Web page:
Porting UICollectionView To SwiftUI
Add the power of UIKit to your SwiftUI toolbox.
SwiftUI has spellbound an entire developer community since the introduction at WWDC 2019, and it is quite easy to understand why. It is fast, concise, and lets you build an entire working application with very few lines of code.
However, SwiftUI is still in its infancy and lacks many of the standard components we take for granted with more mature frameworks. Luckily, Apple’s engineers have developed ways to connect elements from UIKit straight into our SwiftUI applications. In this article, we look at how to leverage those mechanisms to create a SwiftUI wrapper for the good old UICollectionView.
A playground with code examples is available on Github.
What Do We Need?
Before we can connect a UIKit component to SwiftUI, we need to understand the contact surface between the two. The ways that the two frameworks are allowed to communicate with each other will significantly impact the way we write our code. Let’s start by looking at the protocol that enables us to create a wrapper in the first place.
The UIViewRepresentable protocol gives SwiftUI the possibility to create, manage, and dispose of UIKit components by declaring four useful methods.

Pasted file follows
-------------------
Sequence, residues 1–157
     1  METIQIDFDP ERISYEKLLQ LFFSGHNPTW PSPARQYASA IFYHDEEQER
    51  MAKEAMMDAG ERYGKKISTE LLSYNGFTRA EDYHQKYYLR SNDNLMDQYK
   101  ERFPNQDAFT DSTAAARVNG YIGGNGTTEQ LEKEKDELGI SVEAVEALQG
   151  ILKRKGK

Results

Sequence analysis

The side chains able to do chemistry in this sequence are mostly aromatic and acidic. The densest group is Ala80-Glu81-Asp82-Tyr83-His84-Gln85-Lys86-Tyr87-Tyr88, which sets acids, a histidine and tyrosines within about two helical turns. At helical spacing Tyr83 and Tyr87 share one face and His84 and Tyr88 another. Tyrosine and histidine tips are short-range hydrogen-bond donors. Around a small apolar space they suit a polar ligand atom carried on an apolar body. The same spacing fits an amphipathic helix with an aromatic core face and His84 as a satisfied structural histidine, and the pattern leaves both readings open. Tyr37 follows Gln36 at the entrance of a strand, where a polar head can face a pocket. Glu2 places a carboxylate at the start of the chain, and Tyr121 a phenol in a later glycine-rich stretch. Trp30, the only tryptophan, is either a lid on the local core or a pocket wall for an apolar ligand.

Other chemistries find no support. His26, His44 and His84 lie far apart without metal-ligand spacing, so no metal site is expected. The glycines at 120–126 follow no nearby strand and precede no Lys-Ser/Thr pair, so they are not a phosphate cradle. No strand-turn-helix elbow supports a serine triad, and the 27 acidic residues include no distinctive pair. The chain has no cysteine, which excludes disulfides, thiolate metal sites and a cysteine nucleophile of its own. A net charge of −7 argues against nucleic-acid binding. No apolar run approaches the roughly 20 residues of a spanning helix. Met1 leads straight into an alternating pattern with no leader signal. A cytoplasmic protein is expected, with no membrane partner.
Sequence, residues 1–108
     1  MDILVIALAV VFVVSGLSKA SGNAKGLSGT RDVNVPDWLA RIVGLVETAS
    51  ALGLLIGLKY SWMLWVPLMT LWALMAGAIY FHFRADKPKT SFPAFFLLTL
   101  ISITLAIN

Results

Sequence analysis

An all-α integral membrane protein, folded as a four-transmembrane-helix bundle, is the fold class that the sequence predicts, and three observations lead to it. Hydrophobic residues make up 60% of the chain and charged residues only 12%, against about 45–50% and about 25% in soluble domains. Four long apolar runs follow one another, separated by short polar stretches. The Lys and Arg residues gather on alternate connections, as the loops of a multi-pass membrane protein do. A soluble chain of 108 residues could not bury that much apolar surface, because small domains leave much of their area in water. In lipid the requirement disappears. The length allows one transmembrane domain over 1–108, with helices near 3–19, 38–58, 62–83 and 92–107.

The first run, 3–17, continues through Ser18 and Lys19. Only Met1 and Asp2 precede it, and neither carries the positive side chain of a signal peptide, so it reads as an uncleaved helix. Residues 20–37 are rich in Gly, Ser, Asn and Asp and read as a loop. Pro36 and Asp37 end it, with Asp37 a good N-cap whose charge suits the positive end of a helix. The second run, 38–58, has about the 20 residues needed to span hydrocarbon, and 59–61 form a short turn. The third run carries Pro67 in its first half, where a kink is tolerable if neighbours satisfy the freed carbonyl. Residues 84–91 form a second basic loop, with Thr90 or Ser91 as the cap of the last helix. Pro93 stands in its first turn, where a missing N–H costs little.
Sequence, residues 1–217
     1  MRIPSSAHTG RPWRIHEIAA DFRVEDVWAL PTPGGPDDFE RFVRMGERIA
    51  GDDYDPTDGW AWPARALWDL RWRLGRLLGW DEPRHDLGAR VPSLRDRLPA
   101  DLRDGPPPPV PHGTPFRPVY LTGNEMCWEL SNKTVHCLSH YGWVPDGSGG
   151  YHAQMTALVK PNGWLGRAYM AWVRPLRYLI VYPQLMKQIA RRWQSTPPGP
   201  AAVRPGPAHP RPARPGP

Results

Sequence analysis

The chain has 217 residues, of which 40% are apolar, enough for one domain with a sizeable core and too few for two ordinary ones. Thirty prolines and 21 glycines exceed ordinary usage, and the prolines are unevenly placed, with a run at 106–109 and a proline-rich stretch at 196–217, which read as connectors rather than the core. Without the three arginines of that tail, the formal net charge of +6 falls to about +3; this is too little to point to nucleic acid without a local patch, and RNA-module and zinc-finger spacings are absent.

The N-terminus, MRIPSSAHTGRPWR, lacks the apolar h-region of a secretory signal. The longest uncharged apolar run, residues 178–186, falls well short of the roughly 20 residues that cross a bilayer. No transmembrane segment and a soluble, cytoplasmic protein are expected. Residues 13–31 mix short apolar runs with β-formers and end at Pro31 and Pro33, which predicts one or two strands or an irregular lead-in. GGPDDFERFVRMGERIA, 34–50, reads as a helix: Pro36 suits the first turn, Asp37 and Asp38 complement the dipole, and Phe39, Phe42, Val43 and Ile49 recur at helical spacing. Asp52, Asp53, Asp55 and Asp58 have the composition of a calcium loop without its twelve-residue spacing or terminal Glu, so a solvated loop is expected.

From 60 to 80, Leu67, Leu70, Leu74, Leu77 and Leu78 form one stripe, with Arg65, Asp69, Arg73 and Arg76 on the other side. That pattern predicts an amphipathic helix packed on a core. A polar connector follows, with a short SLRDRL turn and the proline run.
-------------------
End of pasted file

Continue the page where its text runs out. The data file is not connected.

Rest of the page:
This method creates and configures a new instance of the UIView you want to display in your application. We will use this to create a UICollectionView and set it up according to what we want it to do. The context parameter is a
UIViewRepresentableContextstruct, which contains information about the current state of the system. We can use this to, for example, style our view based on whether Dark Mode is activated or not.
This method allows us to create a coordinator object which helps manage the interactions between the UIKit component, and the rest of the application. In our case, we will use it to implement delegate and data source methods for the collection view.
As the name might suggest, we implement this method to make adjustments to our view when the application state changes in a way that affects our…